By 2040, if these small reactor projects are successful, we could see a selection of plant sizes, technologies, and types of locations enter the American energy landscape. “If you look at the way everything is going, it’s about personalization,” Canavan says. “What’s that worth to us? The capacity [small reactors] offer, and the capability they provide, is just irreplaceable.”

That and much more in the article here: Nuclear article

USNC's Tiny Reactor:

usnc's reactor produces 15mw of thermal power and 5mw of electric power

 

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It's a long way from lab to manufacturing, I got that from another MIT prof who was talking about his liquid Calcium Antimony battery. They've been talking about small nuke plants for at least ten years. I'm pro nuke so I hope they work it out.

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If it's safe to use mini reactors to run Navy ships then what's the issue? RV we have a point of agreement. 😃 If just 10-20% of the money spent on developing new batteries was spent on these small reactors then maybe we could all be happy. Or even a percentage of subsidies for wind and solar.

With around 6000 crew you have a small town. Maybe we should all build nuclear ships and permanently dock them!!

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OK I am a Navy Trained nuke operator and I can promise you you will never see a Navy type reactor in your neighborhood. They achieve the small size by using pure Uranium not the 5% stuff used by civilian plants. They also use cost be darned other equipment.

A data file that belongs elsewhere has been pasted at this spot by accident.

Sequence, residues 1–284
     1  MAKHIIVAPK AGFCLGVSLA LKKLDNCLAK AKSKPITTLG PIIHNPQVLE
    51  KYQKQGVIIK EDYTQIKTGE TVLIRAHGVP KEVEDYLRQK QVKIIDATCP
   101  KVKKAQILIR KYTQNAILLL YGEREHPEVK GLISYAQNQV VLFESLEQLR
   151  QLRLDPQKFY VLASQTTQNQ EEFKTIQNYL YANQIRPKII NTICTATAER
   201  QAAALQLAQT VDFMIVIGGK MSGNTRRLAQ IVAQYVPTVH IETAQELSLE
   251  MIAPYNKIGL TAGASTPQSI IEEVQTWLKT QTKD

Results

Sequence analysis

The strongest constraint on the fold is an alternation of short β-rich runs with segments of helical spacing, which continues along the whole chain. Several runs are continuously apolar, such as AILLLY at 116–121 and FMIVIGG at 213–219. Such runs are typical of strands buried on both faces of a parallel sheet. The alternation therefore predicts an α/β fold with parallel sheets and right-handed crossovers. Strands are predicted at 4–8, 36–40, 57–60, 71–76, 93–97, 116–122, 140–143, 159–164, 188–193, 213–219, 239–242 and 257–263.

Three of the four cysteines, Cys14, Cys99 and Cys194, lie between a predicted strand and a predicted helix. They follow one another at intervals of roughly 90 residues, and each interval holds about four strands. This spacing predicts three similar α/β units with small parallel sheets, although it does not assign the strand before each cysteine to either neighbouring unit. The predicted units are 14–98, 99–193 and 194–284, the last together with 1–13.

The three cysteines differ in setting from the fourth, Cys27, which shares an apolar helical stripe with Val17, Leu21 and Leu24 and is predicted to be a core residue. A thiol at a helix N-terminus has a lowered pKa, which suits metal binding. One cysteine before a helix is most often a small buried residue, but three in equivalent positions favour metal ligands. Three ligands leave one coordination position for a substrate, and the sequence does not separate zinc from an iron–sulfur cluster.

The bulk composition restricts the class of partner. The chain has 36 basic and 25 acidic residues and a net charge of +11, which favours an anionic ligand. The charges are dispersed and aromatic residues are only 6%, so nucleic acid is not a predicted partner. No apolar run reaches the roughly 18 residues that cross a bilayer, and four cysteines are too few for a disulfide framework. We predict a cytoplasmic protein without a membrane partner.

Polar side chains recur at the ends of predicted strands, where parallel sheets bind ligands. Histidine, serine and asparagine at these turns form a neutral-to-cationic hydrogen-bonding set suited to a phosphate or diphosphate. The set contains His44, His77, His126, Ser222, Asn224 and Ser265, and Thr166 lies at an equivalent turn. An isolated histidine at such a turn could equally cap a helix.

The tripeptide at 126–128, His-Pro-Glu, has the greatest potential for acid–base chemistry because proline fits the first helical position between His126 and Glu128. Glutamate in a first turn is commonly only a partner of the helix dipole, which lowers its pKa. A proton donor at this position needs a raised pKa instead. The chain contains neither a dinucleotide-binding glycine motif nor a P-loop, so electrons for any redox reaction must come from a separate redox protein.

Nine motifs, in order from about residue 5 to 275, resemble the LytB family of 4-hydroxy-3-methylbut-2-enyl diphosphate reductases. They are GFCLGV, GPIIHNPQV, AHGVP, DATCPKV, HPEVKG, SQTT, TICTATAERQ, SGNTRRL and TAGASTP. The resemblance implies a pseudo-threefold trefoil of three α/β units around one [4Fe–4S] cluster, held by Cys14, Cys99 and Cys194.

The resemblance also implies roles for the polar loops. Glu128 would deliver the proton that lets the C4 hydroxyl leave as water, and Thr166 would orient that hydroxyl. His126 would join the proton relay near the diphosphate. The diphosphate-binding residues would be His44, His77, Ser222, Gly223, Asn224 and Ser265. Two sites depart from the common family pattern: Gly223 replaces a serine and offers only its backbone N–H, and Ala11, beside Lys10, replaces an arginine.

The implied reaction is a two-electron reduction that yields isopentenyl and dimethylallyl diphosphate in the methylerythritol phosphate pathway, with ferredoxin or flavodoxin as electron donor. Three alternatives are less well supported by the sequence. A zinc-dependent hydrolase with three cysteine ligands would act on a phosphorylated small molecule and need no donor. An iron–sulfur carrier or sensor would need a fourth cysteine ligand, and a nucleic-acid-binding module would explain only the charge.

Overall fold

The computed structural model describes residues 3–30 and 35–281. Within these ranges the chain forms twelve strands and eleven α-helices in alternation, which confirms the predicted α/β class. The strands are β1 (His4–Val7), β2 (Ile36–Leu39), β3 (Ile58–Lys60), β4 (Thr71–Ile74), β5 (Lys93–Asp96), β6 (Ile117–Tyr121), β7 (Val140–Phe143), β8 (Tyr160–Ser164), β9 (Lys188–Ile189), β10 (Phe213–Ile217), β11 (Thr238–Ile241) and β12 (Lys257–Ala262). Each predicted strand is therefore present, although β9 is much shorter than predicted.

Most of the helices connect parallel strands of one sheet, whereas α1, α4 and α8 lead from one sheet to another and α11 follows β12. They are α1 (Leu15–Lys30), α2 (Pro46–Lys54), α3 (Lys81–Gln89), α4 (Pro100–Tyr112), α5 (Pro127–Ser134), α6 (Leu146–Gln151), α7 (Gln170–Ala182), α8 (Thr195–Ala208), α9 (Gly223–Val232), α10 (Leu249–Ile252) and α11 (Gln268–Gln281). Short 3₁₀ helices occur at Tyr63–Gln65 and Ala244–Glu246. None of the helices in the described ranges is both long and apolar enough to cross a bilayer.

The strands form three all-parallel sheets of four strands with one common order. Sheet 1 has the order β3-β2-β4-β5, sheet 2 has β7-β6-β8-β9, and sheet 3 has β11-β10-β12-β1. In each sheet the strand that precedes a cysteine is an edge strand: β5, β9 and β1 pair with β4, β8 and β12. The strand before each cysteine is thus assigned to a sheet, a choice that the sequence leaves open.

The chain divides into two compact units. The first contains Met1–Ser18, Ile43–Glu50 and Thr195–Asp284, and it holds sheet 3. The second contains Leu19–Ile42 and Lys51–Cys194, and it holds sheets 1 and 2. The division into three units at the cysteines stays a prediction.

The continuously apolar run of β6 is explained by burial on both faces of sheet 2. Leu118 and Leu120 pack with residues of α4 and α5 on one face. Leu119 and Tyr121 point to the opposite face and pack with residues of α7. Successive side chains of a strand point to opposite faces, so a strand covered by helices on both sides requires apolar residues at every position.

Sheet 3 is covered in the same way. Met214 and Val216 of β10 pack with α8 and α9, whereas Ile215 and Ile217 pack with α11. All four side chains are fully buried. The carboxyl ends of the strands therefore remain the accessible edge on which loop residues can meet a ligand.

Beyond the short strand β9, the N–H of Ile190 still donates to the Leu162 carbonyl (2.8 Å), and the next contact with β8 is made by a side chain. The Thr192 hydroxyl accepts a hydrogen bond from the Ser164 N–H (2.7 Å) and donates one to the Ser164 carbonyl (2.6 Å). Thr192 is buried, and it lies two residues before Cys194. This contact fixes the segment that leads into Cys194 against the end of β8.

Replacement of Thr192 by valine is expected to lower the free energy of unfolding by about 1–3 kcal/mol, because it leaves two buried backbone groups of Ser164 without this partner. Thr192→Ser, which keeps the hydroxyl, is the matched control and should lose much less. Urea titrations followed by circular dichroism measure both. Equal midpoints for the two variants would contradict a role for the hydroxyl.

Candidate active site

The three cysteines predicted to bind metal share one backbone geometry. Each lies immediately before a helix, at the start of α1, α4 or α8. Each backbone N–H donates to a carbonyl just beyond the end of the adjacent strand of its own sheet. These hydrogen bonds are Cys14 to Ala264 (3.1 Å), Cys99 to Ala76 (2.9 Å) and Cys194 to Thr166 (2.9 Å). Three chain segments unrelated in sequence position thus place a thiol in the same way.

Edited by agesilaus
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1 hour ago, agesilaus said:

OK I am a Navy Trained nuke operator and I can promise you you will never see a Navy type reactor in your neighborhood. They achieve the small size by using pure Uranium not the 5% stuff used by civilian plants. They also use cost be darned other equipment.

Well, I am not a Navy nuke operator but sure have been aboard a whole lot of Navy nuke ships. I think that if the Navy can design and field the number of nukes that we have with the incredible safety record achieved, we certainly have the knowledge and production capabilities to bring many more civilian nuke plants online in relatively short order.

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I find it amazing a nuke sub can go 20 years without refueling.  Pretty darn cool.  Power technology is changing so rapidly I wish I could live another 100 years to see where it goes.  Lithium is amazing but still too darn expensive for most of us.

I wouldn't mind having a small nuclear reactor in my RV!  

Edited by hemsteadc
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1 hour ago, hemsteadc said:

I find it amazing a nuke sub can go 20 years without refueling

The navy would really find that to be amazing. The time period is long but not close to 20 years.

As for the reason civilian plants cannot use the Navy designs--Navy reactors use weapons grade uranium. And I'm sure you would prefer not to have a couple of bombs worth of uranium sitting in your neighborhood.

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45 minutes ago, Barbaraok said:

All about where the waste will go.   Once that problem is solved, then things might look up.